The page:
From The Dartmouth:
Access By Leadership in Equity — a new student organization seeking to raise awareness about students with disabilities — has launched efforts to facilitate
greater campus dialogue about accessibility in its first weeks in existence, according to co-directors Emily Broas ’11 and Rebecca Gotlieb ’12.
ABLE’s goals include providing a peer-to-peer support network for students with disabilities, raising awareness about both visible and invisible disabilities, and improving College accommodations for these students by serving as a voice for the community.
“We really want to de-stigmatize the issue,” Broas said. “Raising awareness and creating a dialogue will get people to realize that ability is something that affects a good part of campus.”
ABLE is planning a Feb. 25 panel, “Disabilities and Health Issues at Dartmouth,” with the help of its advisor, Nora Yasumura, advisor to Asian and Asian-American Students, Gotlieb said. The panel will feature six students speaking about their personal experiences with disability or health-related issues.
“It won’t be Dartmouth-related or policy-oriented, it will just act as a window into what it’s like to live with a disability,” she said.
Many of ABLE’s policy-related goals were spurred by a petition submitted last spring to former Dean of the College Tom Crady. The petition was composed by a group of students advocating for accessibility improvements for students on campus.
The College’s Student Accessibility Services office has previously been subject to criticism by students, who argued that it often fails to provide appropriate accommodations or lags behind student needs, The Dartmouth reported previously. Broas was also involved in a project in the Office of Institutional Diversity
and Equity that suggested ways to enhance student accessibility, she said.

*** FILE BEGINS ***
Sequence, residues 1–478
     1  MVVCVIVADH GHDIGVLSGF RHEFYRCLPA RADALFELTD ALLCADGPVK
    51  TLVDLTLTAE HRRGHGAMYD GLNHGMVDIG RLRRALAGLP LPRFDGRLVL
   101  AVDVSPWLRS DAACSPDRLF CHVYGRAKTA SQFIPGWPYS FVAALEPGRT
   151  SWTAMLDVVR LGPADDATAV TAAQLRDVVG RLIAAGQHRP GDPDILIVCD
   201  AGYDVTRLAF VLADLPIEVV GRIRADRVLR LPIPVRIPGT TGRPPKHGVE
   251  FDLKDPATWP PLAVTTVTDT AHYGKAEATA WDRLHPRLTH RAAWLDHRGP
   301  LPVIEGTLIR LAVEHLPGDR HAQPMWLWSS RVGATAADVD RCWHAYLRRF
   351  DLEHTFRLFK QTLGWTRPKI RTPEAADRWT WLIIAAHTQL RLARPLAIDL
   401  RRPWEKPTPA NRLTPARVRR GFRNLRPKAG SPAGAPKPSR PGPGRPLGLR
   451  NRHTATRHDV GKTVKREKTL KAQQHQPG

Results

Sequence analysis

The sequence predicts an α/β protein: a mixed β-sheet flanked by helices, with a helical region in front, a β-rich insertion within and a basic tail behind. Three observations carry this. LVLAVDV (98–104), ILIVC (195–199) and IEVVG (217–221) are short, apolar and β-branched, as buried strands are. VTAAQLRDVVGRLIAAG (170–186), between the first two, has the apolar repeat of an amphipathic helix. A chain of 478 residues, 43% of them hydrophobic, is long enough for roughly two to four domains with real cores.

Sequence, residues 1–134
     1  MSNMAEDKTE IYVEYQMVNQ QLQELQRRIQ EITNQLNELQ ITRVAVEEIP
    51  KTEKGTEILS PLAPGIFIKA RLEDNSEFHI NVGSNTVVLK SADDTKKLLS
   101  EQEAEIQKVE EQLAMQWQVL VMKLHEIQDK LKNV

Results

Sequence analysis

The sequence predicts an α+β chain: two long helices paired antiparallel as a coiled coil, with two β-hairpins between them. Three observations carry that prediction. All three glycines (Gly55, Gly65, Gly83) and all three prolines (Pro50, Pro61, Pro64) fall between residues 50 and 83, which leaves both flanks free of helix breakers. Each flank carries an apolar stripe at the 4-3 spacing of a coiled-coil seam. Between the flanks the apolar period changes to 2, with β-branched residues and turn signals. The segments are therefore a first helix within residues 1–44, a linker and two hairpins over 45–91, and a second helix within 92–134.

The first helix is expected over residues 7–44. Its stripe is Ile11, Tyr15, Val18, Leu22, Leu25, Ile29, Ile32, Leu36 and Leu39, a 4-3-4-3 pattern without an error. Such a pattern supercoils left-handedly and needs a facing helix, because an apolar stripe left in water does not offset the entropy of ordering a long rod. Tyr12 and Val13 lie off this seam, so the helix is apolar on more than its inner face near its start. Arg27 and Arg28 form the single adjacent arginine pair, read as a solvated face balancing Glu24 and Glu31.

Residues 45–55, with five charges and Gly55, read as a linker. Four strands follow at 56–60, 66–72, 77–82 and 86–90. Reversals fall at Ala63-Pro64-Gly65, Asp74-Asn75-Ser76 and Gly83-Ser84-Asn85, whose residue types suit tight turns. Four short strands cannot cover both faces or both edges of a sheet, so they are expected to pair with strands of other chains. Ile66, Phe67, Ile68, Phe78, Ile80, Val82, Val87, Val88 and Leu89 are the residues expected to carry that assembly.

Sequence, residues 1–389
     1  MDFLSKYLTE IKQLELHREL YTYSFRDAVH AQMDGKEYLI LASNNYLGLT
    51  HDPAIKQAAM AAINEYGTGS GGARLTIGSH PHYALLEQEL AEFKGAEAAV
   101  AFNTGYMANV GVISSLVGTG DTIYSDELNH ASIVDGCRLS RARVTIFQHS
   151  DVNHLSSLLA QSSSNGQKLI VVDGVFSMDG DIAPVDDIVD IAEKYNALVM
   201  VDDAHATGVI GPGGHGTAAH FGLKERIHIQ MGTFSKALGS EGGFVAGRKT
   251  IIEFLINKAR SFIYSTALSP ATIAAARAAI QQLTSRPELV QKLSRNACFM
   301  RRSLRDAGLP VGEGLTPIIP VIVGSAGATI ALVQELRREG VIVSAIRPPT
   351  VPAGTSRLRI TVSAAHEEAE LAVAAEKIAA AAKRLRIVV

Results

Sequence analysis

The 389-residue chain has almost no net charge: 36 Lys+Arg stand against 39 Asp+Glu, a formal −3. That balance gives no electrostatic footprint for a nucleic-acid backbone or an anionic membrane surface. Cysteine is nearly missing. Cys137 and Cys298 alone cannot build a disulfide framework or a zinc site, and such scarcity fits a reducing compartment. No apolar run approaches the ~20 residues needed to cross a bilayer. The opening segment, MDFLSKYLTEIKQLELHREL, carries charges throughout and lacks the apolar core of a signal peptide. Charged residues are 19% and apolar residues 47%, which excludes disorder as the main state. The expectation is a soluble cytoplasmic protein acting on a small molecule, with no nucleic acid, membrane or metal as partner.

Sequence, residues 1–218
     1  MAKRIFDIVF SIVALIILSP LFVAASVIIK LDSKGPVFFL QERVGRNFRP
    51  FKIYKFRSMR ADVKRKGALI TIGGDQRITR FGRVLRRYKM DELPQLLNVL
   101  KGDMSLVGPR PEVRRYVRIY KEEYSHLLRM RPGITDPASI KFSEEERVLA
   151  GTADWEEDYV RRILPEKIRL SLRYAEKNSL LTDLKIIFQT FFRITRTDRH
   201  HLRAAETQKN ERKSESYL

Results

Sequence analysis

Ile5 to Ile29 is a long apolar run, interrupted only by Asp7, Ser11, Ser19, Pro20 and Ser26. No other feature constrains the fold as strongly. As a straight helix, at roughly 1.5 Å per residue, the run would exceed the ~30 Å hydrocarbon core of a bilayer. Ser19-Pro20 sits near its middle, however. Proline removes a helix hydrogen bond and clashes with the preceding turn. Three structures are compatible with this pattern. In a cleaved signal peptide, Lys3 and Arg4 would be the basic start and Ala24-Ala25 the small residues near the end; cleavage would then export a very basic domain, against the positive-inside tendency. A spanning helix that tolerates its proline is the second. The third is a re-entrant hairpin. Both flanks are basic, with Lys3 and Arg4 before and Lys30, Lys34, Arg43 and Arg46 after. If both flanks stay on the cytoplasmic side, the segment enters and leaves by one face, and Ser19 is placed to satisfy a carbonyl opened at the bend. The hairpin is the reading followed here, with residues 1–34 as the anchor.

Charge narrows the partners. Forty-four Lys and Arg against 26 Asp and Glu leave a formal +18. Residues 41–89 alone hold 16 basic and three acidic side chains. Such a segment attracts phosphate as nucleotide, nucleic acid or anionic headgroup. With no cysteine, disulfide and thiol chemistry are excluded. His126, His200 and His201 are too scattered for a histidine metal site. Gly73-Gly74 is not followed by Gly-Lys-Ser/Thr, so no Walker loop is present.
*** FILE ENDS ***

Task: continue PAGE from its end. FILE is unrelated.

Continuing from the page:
The group is also considering creating a web site geared towards helping students with disabilities navigate the College’s accessibility system, organizers said.
Broas and Gotlieb have discussed the possibility of creating a manual with tips for students faced with accommodation challenges, they said. The manual might include a review of professors’ policies regarding learning-related disabilities.
“I think that there have been fragmented efforts at confronting the issue before, but never a concerted effort,” Broas said. “We want to address disability in the broadest way possible, including health issues, learning disabilities, food allergies and mobility impairments.”
Gotlieb said she wants ABLE to be a supportive community so that “if students do not have a positive experience, or are not accommodated, they will have other students to talk to about it.”
Although no numbers are available for the percentage of Dartmouth students afflicted with some type of disabling condition, both Broas and Gotlieb emphasized the pervasiveness of “invisible” disabilities, particularly learning disorders. Both stressed that the College should accommodate the existence of any
type of disability among students.
“If one student on campus is in a wheelchair, the whole campus needs to be accommodating,” Broas said.
While ABLE is not yet recognized by the Council on Student Organizations, the co-founders said they aspire for it to be a “vehicle” for students with disabilities to voice their opinions on how the College should change to accommodate their needs.
Both Broas and Gotlieb are on the Americans with Disabilities Act 504 Committee, an arm of Dartmouth’s SAS, and have worked to evaluate where the College stands in terms of compliance with the law and other accessibility matters. Both said they hope ABLE will facilitate dialogue and sensitize the student
body at large.
“Efforts before have been restricted to people who are already aware of diversity in ability,” Broas said. “The entire community has not been given a real opportunity to join in.”
Although neither Broas nor Gotlieb said they feel that there is deliberate discrimination or stigmatization of disabilities at Dartmouth, they argued there is a distinct lack of awareness concerning the challenges that many disabled students face.
“There is a very intense culture of excellence that exists here at Dartmouth, which directly contributes to students with disabilities feeling like they should brush the issue under the rug and conform,” Broas said.
Awareness, the ABLE leaders stress, is the first step to improving the quality of life for those who are affected by disabilities.
“The most important thing that another student can do is listen and try to understand what a student with a disability or health issue is dealing with,” Gotlieb said.
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